The argument I am constructing involves two larger concepts.  The idea of the machine, and the human dimension.  I want to define clearly what I mean.  So let's take a look at something:

In part 2 of "Out of This World - the New Field of Space Architecture", Brent Sherwood compares the orbital space architect's challenge to that of a submarine designer: to ensure survivability, efficiency, and habitability in a lethal environment.  Thom Mayne examines architecture, as he criticizes the Osaka Follies for their sculptural qualities, “To me the essence of architecture is to be found in its connection with daily life."

There is a reason these images do not look like places in which we can envision living life.  We cannot picture carrying out our daily life in a place like this.  The reality is, that some people have to live in places like this, and for periods of long time.  Up until this point in time, space design has been a "machine".  A logical, functioning, rational piece of machinery that provides the minimal amount of need for the occupant.  But, architecture is for people, it must be capable of being more than just a machine.  Even as attention turns to designing places for humans to live in outer space, architects are not the first professionals called to help.  I believe that as designers, architects can offer a beneficial perspective when designing in space.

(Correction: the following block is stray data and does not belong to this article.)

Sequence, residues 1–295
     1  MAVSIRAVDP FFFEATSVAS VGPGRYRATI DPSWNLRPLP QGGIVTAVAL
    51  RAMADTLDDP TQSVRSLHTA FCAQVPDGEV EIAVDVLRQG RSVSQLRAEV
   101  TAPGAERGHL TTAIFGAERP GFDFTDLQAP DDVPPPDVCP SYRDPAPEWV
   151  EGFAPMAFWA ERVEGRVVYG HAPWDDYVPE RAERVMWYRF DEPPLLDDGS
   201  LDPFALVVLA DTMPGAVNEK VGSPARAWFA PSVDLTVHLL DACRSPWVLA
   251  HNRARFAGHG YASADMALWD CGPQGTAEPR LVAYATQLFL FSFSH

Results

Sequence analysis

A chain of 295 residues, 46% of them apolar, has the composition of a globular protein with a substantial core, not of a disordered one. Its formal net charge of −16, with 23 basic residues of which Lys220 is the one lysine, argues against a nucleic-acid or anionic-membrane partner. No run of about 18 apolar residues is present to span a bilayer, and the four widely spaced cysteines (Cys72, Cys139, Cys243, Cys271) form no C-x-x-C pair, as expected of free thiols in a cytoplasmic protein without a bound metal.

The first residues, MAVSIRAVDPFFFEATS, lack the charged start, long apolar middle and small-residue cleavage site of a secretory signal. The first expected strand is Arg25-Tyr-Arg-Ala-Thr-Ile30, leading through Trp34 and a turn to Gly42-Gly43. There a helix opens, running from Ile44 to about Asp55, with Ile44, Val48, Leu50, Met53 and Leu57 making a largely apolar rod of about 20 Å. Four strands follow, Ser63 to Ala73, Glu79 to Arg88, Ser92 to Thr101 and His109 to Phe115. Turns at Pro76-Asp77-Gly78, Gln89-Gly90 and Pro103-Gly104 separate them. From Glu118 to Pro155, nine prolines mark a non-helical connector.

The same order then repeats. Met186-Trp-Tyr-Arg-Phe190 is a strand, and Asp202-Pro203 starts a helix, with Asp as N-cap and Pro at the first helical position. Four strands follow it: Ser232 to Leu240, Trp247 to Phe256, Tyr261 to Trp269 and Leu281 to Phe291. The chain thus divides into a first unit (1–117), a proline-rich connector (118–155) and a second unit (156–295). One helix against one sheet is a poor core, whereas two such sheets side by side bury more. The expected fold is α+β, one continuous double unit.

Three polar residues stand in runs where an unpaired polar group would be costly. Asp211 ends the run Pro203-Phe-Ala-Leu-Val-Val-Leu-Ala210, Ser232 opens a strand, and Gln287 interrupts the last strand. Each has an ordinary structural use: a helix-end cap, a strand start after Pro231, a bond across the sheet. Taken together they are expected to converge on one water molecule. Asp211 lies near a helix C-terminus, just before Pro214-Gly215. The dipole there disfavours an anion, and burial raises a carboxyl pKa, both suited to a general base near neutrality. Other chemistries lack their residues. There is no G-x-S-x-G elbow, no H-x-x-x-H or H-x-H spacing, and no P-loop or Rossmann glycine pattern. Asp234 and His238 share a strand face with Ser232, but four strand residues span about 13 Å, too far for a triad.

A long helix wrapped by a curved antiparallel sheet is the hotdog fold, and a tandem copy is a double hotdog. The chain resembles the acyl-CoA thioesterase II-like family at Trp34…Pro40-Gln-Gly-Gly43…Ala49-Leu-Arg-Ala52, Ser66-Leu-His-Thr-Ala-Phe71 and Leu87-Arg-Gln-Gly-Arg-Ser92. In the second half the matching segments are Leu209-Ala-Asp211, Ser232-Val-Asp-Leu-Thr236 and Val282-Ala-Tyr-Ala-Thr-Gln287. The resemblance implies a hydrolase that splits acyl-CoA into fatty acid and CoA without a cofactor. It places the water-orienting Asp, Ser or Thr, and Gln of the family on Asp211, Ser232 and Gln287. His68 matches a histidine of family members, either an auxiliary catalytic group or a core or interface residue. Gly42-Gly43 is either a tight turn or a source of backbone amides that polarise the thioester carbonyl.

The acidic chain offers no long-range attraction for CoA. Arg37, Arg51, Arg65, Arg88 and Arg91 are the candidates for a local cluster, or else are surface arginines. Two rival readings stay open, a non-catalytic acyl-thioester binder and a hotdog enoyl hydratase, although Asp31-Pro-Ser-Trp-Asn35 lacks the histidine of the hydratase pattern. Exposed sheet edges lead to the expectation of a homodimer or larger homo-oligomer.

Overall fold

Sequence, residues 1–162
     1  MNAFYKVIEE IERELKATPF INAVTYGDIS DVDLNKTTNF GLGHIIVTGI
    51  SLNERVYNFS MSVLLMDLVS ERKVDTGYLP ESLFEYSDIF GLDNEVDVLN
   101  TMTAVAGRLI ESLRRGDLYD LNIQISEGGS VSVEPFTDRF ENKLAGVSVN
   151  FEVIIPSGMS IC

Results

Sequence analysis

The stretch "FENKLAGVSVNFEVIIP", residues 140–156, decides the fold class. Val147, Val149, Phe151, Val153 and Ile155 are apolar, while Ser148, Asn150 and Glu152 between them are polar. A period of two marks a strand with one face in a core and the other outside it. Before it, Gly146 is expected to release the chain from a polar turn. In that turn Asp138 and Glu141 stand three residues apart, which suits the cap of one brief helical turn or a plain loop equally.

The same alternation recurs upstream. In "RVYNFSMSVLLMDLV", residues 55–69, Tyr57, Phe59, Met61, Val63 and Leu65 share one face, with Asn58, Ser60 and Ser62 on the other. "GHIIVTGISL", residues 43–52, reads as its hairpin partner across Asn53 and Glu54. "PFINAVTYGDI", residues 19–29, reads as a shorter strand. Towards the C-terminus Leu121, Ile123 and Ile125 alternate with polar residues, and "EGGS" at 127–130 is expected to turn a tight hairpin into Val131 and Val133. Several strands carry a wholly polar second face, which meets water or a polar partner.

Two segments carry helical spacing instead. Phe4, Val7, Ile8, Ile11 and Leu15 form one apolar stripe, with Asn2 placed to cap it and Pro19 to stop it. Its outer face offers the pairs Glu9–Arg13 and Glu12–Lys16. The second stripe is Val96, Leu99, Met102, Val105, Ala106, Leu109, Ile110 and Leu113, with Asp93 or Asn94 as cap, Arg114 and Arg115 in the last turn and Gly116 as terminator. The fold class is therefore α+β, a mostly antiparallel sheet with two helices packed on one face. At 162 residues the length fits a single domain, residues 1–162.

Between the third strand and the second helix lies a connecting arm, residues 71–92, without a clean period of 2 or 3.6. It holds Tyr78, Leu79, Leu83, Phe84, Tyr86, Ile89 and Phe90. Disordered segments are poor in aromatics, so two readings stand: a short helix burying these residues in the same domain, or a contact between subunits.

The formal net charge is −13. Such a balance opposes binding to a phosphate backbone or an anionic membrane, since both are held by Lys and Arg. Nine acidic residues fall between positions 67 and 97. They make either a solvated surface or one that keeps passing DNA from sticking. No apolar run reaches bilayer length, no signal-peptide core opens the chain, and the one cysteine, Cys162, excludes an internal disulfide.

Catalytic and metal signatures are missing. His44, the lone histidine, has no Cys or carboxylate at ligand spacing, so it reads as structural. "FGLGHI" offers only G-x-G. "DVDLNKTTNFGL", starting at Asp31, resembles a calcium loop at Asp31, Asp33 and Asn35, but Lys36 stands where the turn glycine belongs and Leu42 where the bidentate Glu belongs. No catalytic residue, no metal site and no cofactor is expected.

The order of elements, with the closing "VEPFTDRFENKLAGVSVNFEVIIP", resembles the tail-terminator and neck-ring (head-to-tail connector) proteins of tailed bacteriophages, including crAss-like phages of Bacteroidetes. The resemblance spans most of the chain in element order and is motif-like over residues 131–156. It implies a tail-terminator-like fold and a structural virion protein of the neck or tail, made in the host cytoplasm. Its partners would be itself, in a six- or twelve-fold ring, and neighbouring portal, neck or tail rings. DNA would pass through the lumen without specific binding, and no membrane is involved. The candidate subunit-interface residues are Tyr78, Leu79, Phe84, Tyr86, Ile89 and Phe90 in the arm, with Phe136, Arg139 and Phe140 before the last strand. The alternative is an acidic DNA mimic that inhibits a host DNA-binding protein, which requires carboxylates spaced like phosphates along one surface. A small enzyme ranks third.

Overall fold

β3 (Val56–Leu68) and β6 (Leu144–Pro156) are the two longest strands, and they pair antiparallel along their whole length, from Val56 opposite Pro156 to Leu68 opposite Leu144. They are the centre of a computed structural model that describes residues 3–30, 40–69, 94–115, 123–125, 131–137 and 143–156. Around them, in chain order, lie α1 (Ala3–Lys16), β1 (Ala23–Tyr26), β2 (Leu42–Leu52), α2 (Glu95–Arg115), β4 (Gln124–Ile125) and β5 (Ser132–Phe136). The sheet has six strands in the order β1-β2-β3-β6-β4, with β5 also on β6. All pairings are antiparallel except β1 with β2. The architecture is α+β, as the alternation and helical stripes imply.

Thesis question: What can Architects contribute when designing for extreme conditions, and how can they infuse the human dimension into the process of design for these rigid constraints?

It was clear through my research, that the machine and the human dimension were battling it out, over which one held precedent regarding space design.  Let's take a look at the machine, by examining a brief period in history.  The early 20's and 30's were a very exciting time for both science and architecture. The Vienna Circle was formed as a collective group of scientists who purged the idea of metaphysics in science.  Concurrently, the Bauhaus was the birth of architectural modernism, which was loss of detail and ornament in architecture.  This led to a reductive, minimalist, pure, logical, architecture, or as I like to think of it, a scientific conception of architecture.